A forecast model from the University of Michigan shows the potential for large percentages of Florida’s east coast to lose power – with the highest values near the coast.
Hurricane Matthew Power Outage Forecasts
Colors on the map below show the fraction of the population predicted to lose power at the census tract level. The total number of people predicted to lose power is shown in the figure legend.
Models can change quickly as the storm progresses. Visit nhc.noaa.gov for details on the storm and currently active storm warnings and advisories.
This model is current as of October 6, 2016 at 12 UTC (8AM EST).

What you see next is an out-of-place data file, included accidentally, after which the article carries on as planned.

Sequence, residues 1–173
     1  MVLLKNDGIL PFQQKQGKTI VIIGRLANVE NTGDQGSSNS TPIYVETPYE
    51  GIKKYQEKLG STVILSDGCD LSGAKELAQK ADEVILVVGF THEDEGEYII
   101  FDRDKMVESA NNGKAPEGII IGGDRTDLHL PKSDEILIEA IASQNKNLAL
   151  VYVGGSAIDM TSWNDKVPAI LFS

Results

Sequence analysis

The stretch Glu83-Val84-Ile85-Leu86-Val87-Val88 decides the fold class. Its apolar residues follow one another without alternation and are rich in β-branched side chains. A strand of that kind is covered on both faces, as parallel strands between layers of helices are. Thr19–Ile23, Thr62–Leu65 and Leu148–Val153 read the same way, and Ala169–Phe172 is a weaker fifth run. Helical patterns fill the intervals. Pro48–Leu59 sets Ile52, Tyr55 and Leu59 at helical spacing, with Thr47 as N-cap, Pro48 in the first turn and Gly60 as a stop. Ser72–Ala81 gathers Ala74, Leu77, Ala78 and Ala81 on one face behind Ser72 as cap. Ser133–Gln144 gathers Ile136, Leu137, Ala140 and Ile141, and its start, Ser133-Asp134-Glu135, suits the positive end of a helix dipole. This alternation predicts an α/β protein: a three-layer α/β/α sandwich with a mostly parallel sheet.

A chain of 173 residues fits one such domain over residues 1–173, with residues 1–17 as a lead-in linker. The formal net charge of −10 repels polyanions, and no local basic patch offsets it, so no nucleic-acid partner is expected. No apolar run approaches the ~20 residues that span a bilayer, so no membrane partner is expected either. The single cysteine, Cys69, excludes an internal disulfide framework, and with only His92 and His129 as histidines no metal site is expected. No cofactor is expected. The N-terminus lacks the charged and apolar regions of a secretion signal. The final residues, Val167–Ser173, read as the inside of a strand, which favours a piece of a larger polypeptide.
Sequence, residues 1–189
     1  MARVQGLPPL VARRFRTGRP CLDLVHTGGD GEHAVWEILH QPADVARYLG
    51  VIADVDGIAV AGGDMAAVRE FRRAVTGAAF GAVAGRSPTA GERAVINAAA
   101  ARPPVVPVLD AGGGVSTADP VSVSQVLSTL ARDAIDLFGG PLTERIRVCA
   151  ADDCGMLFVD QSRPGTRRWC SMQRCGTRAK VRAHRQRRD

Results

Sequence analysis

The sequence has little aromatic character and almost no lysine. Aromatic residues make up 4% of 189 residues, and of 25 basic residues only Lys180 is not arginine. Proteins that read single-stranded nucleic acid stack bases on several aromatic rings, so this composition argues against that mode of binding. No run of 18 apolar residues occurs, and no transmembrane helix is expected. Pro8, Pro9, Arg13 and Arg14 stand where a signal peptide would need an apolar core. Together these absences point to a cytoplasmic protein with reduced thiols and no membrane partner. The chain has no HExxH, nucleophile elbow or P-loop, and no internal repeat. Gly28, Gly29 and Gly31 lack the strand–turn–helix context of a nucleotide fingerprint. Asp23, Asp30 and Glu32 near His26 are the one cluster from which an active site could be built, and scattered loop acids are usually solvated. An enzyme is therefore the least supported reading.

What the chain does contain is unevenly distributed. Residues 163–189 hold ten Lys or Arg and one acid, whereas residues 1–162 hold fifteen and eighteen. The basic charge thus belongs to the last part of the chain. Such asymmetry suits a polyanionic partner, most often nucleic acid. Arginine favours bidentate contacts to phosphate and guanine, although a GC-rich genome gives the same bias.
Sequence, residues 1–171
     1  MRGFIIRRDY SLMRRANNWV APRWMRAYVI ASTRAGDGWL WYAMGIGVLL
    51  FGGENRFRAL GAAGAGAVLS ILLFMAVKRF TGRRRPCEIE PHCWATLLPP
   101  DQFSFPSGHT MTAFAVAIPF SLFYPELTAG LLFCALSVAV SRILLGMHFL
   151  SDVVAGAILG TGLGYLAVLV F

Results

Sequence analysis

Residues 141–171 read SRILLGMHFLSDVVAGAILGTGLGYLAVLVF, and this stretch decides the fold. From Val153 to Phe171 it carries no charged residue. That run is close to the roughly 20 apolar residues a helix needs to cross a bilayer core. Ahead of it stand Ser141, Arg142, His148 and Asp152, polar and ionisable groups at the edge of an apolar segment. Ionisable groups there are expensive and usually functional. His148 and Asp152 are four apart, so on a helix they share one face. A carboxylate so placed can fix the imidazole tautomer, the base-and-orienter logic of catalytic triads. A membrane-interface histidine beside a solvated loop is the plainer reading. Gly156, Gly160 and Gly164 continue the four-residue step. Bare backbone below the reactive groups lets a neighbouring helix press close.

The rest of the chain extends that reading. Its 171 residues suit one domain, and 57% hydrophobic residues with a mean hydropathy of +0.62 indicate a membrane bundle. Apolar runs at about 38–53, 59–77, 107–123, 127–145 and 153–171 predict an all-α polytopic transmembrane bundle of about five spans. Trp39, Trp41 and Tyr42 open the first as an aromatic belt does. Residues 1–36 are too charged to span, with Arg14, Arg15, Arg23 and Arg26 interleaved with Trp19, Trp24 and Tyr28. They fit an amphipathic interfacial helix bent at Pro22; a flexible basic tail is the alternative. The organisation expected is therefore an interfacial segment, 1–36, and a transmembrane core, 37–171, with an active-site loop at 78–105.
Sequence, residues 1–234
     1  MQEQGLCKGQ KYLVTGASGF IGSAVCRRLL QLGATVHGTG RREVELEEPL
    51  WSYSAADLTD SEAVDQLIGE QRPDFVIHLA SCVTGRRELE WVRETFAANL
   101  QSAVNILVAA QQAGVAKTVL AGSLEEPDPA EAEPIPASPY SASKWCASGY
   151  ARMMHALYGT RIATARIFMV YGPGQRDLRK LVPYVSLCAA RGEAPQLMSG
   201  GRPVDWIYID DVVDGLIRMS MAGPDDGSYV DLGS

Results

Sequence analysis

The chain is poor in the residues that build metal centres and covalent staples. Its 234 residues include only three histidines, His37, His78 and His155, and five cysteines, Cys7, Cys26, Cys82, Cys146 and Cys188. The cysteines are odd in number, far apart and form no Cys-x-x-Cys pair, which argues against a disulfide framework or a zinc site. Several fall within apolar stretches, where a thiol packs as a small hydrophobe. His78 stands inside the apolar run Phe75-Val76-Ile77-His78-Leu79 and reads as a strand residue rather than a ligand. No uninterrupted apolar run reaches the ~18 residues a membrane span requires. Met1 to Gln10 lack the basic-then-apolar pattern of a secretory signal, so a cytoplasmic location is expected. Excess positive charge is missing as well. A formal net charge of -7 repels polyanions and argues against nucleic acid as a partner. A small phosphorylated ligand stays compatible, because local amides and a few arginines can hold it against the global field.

Developed by Seth Guikema (University of Michigan), Steven Quiring (Ohio State University) and Brent McRoberts (Texas A & M University), this predictive model factors in a variety of data including:
- Hurricane track and intensity forecasts and wind speed estimates from the National Hurricane Center
- Population density data from the United States Census Bureau
- Tree data from the United States Department of Agriculture
- Drought indices from the National Drought Mitigation Center
- Soil moisture levels gathered by the University of Washington
The estimated number of outages has been stabilizing at 8-10 million in the last few model runs as the track and intensity forecast have begun to stabilize.
For a full-resolution version without the university logos click on the figure.
h/t to Capital Weather Gang